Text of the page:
BYRON TOWNSHIP, Mich. (WOOD) - A 12-year-old Byron Township boy is safe and sound after he went missing for nine hours.
Quenton Moomey has autism and wandered off Tuesday night. The Kent County Sheriff's Department launched a search involving deputies, a K-9 unit and state police helicopter.
At round 8 a.m. Wednesday, a local dairy farmer noticed the cows in his pasture were acting strange. He checked it out and found Quenton wandering nearby.
"I'm just glad he's home and I want to thank everybody for helping me find him," said his mother Julie Moomey. "It was a long night. ... I'm going to go hug him and clean him and make sure he can't do this again."
What happens when a frantic parents of a missing child with autism call Kent County 911 emergency operators? Kent County Sheriff's Department officials explained the process step-by-step.
Autism is a frustrating, confusing condition. In some cases, children with autism wander. When they do and the phones at Kent County 911 light up, dispatchers often go to a book.
"We're soon to be going online with this, but right now we have a book, and they'd open up to the particular person," Kent County sheriff's Sgt. Corey Luce said.
The book is just one piece of Project Life Saver, a program that provides vital information on the missing person to police agencies including the radio frequency connected to a tracking bracelet worn by the missing child.
"Get the frequency, put it into the unit and we receive a signal. It will be no time before we find that person," Luce said.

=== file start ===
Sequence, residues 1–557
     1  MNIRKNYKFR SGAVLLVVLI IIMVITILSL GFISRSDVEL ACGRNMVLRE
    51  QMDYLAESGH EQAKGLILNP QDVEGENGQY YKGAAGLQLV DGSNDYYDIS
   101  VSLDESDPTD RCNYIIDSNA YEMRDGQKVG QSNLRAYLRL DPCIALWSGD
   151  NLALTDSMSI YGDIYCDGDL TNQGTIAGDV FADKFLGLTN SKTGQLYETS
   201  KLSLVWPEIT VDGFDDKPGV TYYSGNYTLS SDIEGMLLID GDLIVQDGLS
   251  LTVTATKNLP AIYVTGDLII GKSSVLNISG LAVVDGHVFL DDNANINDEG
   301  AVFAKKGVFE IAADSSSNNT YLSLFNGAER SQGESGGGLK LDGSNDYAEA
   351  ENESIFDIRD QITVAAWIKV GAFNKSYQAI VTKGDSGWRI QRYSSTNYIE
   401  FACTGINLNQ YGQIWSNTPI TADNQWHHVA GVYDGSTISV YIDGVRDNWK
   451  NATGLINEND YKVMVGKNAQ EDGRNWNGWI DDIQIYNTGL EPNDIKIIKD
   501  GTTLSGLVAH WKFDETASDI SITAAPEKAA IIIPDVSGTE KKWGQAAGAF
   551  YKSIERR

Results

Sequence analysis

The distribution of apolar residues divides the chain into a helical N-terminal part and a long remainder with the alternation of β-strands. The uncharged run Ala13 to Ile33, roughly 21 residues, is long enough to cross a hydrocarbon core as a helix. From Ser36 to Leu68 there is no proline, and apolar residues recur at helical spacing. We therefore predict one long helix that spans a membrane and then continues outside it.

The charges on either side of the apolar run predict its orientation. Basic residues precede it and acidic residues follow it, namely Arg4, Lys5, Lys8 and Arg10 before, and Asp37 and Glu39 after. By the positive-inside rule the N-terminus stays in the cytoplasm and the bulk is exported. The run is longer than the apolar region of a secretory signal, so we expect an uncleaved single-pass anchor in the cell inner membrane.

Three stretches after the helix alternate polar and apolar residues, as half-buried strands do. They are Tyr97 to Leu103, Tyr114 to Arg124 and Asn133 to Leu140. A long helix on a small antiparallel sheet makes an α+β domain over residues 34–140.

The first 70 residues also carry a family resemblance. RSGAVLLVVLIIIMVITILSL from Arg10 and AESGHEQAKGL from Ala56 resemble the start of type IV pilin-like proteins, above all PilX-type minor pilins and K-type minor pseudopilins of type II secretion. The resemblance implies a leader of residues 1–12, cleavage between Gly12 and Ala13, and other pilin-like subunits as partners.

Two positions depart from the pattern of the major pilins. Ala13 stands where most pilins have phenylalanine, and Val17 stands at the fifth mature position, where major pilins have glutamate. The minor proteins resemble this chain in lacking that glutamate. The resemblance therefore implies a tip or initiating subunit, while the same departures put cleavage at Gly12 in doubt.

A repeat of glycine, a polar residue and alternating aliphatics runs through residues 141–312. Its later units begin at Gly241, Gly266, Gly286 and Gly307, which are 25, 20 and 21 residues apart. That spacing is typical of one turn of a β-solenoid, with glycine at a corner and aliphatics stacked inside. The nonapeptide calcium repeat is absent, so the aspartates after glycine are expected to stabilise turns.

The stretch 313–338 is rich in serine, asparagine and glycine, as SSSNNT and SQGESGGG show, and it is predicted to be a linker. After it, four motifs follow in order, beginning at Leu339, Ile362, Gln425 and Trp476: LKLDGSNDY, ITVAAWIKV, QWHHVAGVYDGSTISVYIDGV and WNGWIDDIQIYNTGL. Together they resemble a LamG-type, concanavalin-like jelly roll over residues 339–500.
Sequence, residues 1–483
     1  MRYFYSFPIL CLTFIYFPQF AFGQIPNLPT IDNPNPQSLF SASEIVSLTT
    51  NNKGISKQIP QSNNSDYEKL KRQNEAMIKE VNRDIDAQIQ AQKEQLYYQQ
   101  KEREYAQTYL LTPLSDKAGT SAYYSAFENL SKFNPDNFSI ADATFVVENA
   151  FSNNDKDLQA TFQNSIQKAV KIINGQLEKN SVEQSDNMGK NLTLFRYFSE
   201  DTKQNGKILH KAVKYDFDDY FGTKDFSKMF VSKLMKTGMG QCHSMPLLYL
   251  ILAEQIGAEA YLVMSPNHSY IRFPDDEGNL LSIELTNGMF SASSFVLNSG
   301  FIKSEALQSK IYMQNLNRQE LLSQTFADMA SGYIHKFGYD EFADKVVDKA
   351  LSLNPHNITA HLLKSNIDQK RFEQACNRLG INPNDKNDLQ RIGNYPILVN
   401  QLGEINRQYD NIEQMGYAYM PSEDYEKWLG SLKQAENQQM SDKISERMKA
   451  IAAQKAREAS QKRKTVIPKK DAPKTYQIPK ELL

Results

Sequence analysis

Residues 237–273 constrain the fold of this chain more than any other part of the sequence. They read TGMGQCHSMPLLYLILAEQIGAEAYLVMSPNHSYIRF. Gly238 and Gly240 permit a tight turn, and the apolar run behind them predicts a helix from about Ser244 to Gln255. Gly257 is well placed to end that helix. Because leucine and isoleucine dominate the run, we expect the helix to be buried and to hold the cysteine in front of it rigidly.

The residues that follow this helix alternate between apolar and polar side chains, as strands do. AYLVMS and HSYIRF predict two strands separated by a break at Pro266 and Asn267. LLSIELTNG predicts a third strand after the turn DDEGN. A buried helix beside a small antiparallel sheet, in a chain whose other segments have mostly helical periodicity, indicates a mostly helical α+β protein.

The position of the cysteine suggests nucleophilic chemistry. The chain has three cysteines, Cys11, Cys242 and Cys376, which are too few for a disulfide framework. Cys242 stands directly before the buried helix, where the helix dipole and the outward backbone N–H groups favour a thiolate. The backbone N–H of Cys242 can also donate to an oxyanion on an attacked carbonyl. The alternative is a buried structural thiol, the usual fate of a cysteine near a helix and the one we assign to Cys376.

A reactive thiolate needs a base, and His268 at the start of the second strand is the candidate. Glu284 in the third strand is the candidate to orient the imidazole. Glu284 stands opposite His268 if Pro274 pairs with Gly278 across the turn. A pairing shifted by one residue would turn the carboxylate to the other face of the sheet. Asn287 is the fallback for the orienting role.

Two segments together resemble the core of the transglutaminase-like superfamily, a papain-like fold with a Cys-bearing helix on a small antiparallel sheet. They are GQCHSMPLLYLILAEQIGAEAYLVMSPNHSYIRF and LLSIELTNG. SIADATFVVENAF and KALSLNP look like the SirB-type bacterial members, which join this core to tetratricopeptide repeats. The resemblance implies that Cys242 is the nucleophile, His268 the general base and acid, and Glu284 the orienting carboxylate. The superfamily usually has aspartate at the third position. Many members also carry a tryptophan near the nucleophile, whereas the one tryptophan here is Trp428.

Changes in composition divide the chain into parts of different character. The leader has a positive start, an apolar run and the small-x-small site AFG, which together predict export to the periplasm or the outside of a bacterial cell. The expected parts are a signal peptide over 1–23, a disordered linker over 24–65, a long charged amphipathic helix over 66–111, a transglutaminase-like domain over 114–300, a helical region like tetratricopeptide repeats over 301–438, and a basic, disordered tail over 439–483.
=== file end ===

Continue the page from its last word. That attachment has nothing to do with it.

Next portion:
Queten Moomey is not in the Project Life Saver program.
But the information the project provides, and outside experts brought in to train police agencies throughout Kent County on the best ways to track missing autistic children, have been extremely valuable in letting officers know the right question to ask when a search begins.
"Today's child didn't want their name yelled. That was something that was going to scare them. We know some kids; we need to know they would want to go near water; maybe they're afraid of a railroad tracks; do not touch their right arm." said Kent County Undersheriff Jon Hess, describing some of the special precautions searchers have to take when dealing with autistic children.
Autism Support of Kent County would like to get more kids into Project Life Saver and possibly expand the program to cover Alzheimer's patients and other who go missing.
But the organization has just one volunteer to do the require monthly battery checks on the bracelets. It needs more help and is looking for volunteers.
Autism Support of Kent County website
Autism Support of Kent County on Facebook
Email them at firstname.lastname@example.org
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